An expat who lived in Tavira and the surrounding area for several years suggests a perfect day in this appealing East Algarve city.
Anyone who lives abroad knows that repeatedly doing “the tourist bit” with a succession of different visitors can get a little repetitive. Tavira, however, is a Portuguese city that’s hard to get bored with. It’s a genuine working city of around 25,000 people. Although increasingly popular with tourists it is by no means taken over by them. It also helps that for most the year, bright sunshine bounces off the buildings and the river, making it the perfect place to amble around.
Most the year, bright sunshine bounces off the buildings and the river.
Here are five must-dos for Tavira:
1. Coffee and cake by the bridge
Tavira is a town well-stocked with pastelarias (cake and coffee shops). While it’s possible to save money by choosing one without a view, a pit stop at one of the options right next to the town’s Roman Bridge and amphitheatre is a must.
Yes, these cafes are packed with tourists and pricey (if only by Portuguese standards), but you’re paying for the location. The coffee and cakes are of an incredibly high standard too, as they are all over Portugal.
2. A stroll around the castle and convent
You’ll be glad you fuelled up with sugar and caffeine once you head up towards Tavira’s castle, especially if you tackle the many steps on a hot day. It’s wise not to try to take this too fast. Once you arrive at the castle, it’s possible to climb right up onto the walls if you are sufficiently daring (considering the total lack of safety railings!)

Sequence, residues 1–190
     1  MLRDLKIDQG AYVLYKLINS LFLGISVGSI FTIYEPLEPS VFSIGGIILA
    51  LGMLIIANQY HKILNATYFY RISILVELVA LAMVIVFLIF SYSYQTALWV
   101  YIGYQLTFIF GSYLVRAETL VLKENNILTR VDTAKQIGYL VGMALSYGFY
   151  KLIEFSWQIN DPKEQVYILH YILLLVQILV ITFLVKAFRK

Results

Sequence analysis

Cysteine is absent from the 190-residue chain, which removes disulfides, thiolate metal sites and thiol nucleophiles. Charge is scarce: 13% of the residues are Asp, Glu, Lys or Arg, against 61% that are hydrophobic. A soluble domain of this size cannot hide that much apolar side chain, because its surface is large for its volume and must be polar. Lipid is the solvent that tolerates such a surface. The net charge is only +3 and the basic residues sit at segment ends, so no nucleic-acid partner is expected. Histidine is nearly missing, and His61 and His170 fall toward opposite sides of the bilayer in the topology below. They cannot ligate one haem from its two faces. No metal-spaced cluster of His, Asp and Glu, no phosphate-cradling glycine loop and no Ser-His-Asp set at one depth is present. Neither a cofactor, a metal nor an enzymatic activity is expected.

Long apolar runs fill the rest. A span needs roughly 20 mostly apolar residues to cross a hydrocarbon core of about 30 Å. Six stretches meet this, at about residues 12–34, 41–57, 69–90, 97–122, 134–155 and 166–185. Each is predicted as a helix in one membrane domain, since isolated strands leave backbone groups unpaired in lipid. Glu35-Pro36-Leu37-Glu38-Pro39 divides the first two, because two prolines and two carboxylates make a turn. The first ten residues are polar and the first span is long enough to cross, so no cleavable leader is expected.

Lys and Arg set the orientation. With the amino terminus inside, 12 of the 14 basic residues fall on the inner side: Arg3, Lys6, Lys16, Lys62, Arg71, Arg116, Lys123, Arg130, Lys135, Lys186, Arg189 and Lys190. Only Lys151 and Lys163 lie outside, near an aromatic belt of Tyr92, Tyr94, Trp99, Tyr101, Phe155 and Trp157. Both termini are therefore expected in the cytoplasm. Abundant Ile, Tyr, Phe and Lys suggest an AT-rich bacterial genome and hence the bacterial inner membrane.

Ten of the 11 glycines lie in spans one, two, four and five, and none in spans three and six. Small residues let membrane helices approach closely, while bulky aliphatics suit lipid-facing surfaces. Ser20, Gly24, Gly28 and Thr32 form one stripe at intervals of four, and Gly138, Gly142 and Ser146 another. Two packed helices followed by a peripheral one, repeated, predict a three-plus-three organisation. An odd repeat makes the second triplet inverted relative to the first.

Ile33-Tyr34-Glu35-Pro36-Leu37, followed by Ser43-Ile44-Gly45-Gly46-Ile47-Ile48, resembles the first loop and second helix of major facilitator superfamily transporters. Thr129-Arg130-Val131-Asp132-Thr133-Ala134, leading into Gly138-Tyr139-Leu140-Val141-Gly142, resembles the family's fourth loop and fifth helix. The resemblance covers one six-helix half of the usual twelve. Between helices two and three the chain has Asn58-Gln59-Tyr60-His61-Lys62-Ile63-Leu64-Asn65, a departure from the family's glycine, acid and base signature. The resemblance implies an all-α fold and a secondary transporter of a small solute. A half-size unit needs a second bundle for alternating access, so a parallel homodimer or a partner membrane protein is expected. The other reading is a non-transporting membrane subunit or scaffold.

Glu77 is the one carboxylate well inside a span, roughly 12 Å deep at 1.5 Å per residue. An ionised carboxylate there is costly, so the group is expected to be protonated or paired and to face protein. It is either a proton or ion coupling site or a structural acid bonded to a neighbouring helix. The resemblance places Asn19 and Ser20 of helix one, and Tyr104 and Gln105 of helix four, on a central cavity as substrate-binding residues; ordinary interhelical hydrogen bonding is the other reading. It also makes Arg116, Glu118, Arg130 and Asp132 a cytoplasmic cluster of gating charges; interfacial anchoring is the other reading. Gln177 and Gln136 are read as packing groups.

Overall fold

Beyond the castle is Tavira’s convent, now in use as a traditional (pousada) hotel. The narrow cobbled streets in the surrounding areas contain a wealth of tucked away treasures, including a museum, gift shops and churches.
3. Lunch on a cobbled street
The best restaurants in Tavira are tucked away in the cobbled streets and alleyways on the opposite side of the Roman Bridge to the main square. You’ll also find craft shops and gift shops aplenty in this part of the town.
The best restaurants in Tavira are tucked away in the cobbled streets and alleyways.
Eateries to avoid are those along the riverfront on the other side of the river, complete with their persistent touts and high prices.
4. A walk to a “secret” beach
Tavira isn’t a beach resort and isn’t truly considered to have its own beach. However, there is a tiny strip of sand facing the Ilha de Tavira, which is a very popular spot for those in the know.
To reach it, head out of town towards the modern Gran Plaza shopping centre, and turn off at the roundabout towards the salt pans. A walk of around 20 minutes from here is rewarded by a beautiful seascape, complete with a ruined fort for children to play in. Off-season there are often very few people here.
5. Retail therapy
The Gran Plaza shopping centre is worth a visit too, if only for the contrast between traditional and modern Tavira.
Containing a range of chain stores, a food court, cinema and hypermarket, this is a standard Portuguese mall. However, it’s very modern and often blissfully quiet (other than on Sundays and during the main holiday season). This makes for an enjoyable shopping experience, even for those who detest shopping!
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